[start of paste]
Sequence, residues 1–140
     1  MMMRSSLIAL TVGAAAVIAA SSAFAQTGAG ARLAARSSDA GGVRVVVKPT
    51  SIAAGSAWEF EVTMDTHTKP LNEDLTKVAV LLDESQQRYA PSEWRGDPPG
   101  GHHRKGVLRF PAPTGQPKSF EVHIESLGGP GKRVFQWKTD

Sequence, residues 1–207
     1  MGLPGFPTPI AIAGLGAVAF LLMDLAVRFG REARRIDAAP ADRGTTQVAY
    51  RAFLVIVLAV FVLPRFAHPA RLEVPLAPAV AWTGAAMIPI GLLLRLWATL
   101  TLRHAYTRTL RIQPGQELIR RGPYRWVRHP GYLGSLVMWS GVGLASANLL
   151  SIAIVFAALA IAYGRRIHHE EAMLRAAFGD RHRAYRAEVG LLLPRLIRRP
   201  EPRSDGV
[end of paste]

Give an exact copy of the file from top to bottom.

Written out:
Sequence, residues 1–140
     1  MMMRSSLIAL TVGAAAVIAA SSAFAQTGAG ARLAARSSDA GGVRVVVKPT
    51  SIAAGSAWEF EVTMDTHTKP LNEDLTKVAV LLDESQQRYA PSEWRGDPPG
   101  GHHRKGVLRF PAPTGQPKSF EVHIESLGGP GKRVFQWKTD

Sequence, residues 1–207
     1  MGLPGFPTPI AIAGLGAVAF LLMDLAVRFG REARRIDAAP ADRGTTQVAY
    51  RAFLVIVLAV FVLPRFAHPA RLEVPLAPAV AWTGAAMIPI GLLLRLWATL
   101  TLRHAYTRTL RIQPGQELIR RGPYRWVRHP GYLGSLVMWS GVGLASANLL
   151  SIAIVFAALA IAYGRRIHHE EAMLRAAFGD RHRAYRAEVG LLLPRLIRRP
   201  EPRSDGV